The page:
Kevin KilleenBy Kevin Killeen

ST. LOUIS (KMOX) – A mural of the St. Louis riverfront retrieved from a forgotten storage closet at Union Station is raising questions about the Steamboat era social order it depicts.

Workers had to saw through the wall of a storage closet to get out the 7-foot tall, 28-foot wide, three-panel mural. The 1942 painting by artist Louis Grell shows the steamboat “Dixie” landing on the St. Louis riverfront with a crowd out to greet the boat, and a steam locomotive puffing away beneath the Eads bridge.

The mural also features a prominently rendered group of African Americans laborers lifting boxes and blocks of ice, while well-to-do white passengers disembark in their fine clothing.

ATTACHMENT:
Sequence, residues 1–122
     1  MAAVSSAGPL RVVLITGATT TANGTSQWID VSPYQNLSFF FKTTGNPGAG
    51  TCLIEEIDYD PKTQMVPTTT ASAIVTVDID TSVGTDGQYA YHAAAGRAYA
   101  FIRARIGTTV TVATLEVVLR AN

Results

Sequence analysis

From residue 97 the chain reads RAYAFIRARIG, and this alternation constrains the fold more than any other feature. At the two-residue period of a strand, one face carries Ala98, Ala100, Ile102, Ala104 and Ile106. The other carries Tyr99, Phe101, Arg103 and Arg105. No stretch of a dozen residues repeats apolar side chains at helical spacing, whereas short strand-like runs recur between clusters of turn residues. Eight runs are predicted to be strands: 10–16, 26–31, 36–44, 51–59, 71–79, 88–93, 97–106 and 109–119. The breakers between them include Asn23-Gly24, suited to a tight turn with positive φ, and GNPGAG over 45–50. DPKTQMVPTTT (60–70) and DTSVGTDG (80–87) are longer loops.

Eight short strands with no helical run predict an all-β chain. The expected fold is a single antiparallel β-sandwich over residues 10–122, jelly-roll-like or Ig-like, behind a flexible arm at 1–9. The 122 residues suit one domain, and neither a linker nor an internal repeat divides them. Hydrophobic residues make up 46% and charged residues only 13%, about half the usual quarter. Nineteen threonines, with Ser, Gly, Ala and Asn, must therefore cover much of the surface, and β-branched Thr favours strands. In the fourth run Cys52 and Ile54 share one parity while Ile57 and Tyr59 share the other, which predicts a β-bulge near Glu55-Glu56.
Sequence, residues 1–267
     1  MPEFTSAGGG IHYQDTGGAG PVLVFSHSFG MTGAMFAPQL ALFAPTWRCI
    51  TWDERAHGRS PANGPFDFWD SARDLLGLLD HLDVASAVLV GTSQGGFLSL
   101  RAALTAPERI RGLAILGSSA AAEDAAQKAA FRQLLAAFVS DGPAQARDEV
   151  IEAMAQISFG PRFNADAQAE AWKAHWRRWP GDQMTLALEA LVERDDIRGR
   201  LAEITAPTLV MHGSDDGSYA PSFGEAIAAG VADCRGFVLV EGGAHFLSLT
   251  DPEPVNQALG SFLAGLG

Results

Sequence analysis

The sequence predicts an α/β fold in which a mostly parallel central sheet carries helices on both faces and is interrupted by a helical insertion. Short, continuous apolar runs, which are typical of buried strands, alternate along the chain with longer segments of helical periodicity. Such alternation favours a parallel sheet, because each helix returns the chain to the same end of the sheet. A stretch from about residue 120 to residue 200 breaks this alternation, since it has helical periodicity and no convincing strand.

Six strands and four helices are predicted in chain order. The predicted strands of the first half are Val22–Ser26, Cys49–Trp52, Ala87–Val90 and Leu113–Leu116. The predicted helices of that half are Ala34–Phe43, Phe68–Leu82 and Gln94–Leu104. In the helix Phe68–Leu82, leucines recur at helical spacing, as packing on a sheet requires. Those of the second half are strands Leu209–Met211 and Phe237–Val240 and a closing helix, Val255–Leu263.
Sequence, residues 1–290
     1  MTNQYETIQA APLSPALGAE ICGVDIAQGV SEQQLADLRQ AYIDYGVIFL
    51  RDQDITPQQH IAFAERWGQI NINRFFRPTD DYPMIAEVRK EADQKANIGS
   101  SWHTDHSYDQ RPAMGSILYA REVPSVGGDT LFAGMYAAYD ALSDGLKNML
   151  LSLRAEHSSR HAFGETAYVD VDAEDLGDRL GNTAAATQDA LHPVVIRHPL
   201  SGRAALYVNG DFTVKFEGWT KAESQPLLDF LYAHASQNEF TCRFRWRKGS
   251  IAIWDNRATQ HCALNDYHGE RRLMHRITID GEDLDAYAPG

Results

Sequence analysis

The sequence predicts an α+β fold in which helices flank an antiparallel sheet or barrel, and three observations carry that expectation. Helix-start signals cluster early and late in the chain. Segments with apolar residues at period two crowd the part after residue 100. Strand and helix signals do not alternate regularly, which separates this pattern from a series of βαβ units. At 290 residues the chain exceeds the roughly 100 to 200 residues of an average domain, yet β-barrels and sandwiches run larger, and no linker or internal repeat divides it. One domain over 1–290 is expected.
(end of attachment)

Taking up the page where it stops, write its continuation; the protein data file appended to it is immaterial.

Photo: Kevin Killeen/KMOX

Photo: Kevin Killeen/KMOX


Johnathan Kodner, an art expert with the Kodner Gallery, says the painting is a realistic interpretation of the way life was at that time.

“That was the reality of life on the levee at the turn of the century,” he says.

The mural also depicts a few white laborers, less prominently rendered off to the side.

Union Station plans to display the mural as part of its ongoing renovation.

(TM and © Copyright 2014 CBS Radio Inc. and its relevant subsidiaries. CBS RADIO and EYE Logo TM and Copyright 2014 CBS Broadcasting Inc. Used under license. All Rights Reserved. This material may not be published, broadcast, rewritten, or redistributed.)


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